Shawki Madi still cannot believe the embrace from his father that Friday would be their last.
The 16-year-old boy was playing football with friends on 11 December when a relative came to tell him that his father had been killed and that he should go home.
“I did not believe it, but I ran home and found everyone in tears,” Shawki told The Electronic Intifada.
Shawki’s father, Sami Madi, 41, had led a demonstration that day to mark the 48th anniversary of the Popular Front for the Liberation of Palestine (PFLP).
Demonstrators headed for the boundary with Israel by al-Bureij refugee camp in central Gaza.
There, Israeli soldiers opened fire. It was not the first such demonstration since the “intifada of the knives” erupted in Jerusalem in October. At least 20 Palestinians have been killed by Israeli forces in Gaza since then, most of them during demonstrations.
On this Friday, 17 unarmed people were wounded, including two children and a journalist. Only Sami was killed.
The PFLP had called for a “day of rage” — a common phrase denoting a day of popular demonstration and anger — to commemorate the anniversary, and urged its supporters to prove that Gaza can still play a role even when the focus is elsewhere. Demonstrating at the boundary was meant to show solidarity with those in the West Bank who are engaged in daily confrontations with the Israeli occupation.
That Gaza had played little role in these events disturbed Sami, said his father Shawki, for whom Sami’s son was named. “Demonstrating at the border gave him some relief; it proved that Gaza should not be out of the game,” he said.
The 68-year-old man denounced the deadly use of live fire against the unarmed protesters. “What kind of threat did my son and other protesters pose to heavily armed soldiers?” he asked. He referred to the footage of the demonstration as proof. “All they wanted to do was carry the Palestinian flag.”
Video from a protest in the same area last month shows Israeli forces firing on and critically wounding 22-year-old Muhammad al-Bhaisy after he mounted a Palestinian flag on the boundary fence.
Sami was a lifelong PFLP activist. His affiliation to the left wing Palestinian resistance faction began during the first Palestinian intifada in the mid-1980s when as a teenager he would throw stones at vehicles going to and from the Israeli settlements built on Gaza’s land.
He was wounded in both legs at 19 by two Israeli rubber-coated steel bullets and his father remembers him as a “rebellious” youth. “That was observed in the first intifada,” Shawki said.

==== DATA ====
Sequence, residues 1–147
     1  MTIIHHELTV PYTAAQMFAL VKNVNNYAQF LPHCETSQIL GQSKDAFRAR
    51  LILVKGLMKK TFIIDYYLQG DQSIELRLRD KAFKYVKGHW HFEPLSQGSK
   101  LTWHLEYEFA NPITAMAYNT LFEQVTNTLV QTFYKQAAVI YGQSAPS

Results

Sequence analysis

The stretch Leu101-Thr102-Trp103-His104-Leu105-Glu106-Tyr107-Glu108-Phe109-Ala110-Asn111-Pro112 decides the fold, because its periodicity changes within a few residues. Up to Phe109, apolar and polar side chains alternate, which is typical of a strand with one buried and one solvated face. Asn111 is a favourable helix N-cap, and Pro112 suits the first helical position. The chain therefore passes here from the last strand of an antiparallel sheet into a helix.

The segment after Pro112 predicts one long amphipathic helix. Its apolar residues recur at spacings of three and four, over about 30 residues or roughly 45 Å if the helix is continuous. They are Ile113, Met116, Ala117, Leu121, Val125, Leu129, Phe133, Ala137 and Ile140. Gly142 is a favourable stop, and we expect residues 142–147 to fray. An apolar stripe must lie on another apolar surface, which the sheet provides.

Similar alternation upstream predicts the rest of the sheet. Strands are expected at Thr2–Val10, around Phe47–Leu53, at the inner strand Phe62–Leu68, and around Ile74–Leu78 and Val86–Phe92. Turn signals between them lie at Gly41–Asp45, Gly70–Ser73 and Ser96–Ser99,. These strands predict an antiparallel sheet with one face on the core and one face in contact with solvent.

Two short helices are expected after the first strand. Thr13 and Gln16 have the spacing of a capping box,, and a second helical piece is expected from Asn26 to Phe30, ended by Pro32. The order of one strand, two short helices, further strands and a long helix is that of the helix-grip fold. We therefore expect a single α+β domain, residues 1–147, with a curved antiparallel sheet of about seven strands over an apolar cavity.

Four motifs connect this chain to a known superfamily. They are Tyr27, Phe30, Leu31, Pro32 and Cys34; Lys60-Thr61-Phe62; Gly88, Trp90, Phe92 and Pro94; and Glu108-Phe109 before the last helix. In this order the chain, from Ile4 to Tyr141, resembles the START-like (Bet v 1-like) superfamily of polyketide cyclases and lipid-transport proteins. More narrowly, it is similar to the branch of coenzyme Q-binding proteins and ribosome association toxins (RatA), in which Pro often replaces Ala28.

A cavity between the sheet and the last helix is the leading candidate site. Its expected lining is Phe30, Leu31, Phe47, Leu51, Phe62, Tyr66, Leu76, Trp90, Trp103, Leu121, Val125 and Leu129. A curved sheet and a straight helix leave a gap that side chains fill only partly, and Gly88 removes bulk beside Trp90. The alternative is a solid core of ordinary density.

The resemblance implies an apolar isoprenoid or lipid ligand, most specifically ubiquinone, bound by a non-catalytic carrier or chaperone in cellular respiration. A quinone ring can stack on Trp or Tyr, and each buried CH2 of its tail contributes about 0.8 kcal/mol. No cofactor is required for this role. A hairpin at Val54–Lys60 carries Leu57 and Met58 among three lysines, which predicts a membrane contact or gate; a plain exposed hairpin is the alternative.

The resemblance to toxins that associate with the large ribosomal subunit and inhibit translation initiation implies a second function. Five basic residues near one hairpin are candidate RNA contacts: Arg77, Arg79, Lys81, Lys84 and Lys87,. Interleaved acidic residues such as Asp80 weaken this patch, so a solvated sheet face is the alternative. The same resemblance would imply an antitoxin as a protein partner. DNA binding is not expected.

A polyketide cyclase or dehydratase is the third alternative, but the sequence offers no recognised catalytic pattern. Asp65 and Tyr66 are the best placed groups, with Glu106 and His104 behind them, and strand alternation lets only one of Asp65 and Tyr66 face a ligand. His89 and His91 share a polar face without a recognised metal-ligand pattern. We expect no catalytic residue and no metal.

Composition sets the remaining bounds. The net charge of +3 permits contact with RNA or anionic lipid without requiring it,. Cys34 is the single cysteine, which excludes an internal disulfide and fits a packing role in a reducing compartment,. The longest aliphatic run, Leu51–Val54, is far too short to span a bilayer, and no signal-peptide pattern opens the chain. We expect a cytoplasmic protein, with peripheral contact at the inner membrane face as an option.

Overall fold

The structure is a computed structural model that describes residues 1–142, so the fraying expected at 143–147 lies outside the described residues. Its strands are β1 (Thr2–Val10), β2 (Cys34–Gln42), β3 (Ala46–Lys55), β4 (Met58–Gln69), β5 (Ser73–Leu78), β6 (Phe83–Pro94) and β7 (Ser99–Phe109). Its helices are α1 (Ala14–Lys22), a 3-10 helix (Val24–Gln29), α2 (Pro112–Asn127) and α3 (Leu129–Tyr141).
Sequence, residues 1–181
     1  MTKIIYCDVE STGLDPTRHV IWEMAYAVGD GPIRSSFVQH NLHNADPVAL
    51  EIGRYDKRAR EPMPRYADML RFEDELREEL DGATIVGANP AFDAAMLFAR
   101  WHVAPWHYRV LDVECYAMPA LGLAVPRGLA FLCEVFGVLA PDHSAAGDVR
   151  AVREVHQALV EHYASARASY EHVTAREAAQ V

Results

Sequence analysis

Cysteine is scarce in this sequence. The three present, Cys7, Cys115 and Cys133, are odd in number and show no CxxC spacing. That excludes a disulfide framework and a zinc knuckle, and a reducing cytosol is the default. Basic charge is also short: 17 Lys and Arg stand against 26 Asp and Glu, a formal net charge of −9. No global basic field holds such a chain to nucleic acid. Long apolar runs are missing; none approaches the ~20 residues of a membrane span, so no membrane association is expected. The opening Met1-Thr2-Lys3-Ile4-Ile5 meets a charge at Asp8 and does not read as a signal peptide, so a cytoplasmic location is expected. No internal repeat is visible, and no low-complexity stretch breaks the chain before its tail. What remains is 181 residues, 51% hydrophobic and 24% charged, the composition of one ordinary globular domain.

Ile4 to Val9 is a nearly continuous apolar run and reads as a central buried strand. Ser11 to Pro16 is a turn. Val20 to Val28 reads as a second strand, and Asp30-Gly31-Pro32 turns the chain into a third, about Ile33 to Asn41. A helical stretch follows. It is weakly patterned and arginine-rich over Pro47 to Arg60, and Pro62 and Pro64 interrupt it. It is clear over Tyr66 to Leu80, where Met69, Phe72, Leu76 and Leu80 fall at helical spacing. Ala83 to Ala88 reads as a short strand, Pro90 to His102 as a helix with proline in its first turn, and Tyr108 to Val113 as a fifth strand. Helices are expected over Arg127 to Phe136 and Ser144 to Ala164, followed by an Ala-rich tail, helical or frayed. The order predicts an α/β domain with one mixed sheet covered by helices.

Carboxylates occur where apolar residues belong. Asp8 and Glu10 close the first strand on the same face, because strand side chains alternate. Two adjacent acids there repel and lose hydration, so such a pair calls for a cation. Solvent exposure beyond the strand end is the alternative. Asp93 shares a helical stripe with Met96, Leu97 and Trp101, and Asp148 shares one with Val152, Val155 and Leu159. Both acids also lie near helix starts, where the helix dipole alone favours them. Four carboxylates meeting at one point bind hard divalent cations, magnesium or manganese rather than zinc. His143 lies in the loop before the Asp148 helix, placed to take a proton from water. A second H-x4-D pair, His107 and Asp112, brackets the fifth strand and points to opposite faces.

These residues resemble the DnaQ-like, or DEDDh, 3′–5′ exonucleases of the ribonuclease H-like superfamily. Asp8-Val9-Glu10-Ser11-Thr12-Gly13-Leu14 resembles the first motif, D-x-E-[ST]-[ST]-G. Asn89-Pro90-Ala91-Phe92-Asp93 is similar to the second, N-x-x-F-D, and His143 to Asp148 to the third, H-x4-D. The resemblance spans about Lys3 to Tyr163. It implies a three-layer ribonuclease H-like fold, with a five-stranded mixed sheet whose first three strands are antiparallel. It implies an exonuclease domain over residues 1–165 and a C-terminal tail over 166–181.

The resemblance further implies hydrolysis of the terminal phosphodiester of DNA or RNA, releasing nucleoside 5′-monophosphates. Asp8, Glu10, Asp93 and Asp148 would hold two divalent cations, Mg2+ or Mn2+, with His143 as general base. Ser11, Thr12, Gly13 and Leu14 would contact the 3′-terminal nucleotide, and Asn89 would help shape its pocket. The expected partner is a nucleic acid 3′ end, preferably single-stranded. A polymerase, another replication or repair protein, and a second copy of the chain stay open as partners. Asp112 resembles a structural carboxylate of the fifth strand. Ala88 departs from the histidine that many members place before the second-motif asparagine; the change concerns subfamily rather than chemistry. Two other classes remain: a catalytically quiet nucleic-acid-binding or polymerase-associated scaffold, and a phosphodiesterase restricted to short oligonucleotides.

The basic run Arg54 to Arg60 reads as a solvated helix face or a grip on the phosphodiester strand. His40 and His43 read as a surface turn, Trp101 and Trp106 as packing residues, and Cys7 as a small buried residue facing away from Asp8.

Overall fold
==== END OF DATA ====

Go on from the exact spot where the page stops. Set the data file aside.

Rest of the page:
As a law student, Sami represented the PFLP in universities and colleges across Gaza, where he organized activities to raise the political and the revolutionary awareness of Palestinian students.
In Deir al-Balah, where he was born and raised, his small rented apartment looks shabby. Its foundations were weakened during Israel’s bombardments last year as well as by floods during Gaza’s rainy season.
He is well-known here among other residents. He was the head of the PFLP’s factional committee in Deir al-Balah, a group that responded to emergencies as part of its duties. During Israeli attacks, members of the committee would help evacuate people in areas under attack.
To be effective, they had to be quick. And Sami was fast. According to Aysar Aman, the PFLP representative in central Gaza, Sami’s speed of thought and action was “a lifesaver” for many in Deir al-Balah and other areas.
Aman remembers Sami fondly. “He was a devoted comrade. He provided leadership. He was always effective,” Aman said.
He also used to distribute food parcels for people in remote areas during wars, said Aman, a job that demanded real courage.
“He managed to deliver basic relief for people in wars, even though he knew that he was a potential target,” he added.
Sami’s funeral saw people from near and far flock to his house to offer condolences, much to the family’s surprise. He was remembered in a speech given by the PFLP’s leader in Gaza, Jamil Mizher, on 12 December, in another rally marking the movement’s 48th anniversary.
Calling him “a defiant fighter whose blood will be a further step on liberation’s path,” Mizher added, “He was a dedicated comrade, and an eloquent orator whose deeds matched his words.”
Sami was also the head of the media committee of the PFLP in which capacity he would produce documentaries about the Palestinian cause. What would prove to be his last production is about the Nakba — the ethnic cleansing of Palestine in 1948 — and will be shown as part of the movement’s anniversary commemorations.
Above all, Sami was a family man. The eldest son of Shawki, he was, in the words of his father, “obliging and responsible.”
A former policeman, he drew a wage with the Palestinian Authority with which he would help pay for his siblings’ education.
“We are all indebted to him,” said his brother Mahmoud, for whom Sami paid university tuition fees.
Sami leaves behind seven children, the youngest a two-year-old girl.
“What breaks my heart is that his children have started to call me ‘dad’ instead of ‘grandfather.’ They are not prepared to absorb the ordeal of losing their father,” Shawki said.
Isra Saleh el-Namey is a journalist from Gaza.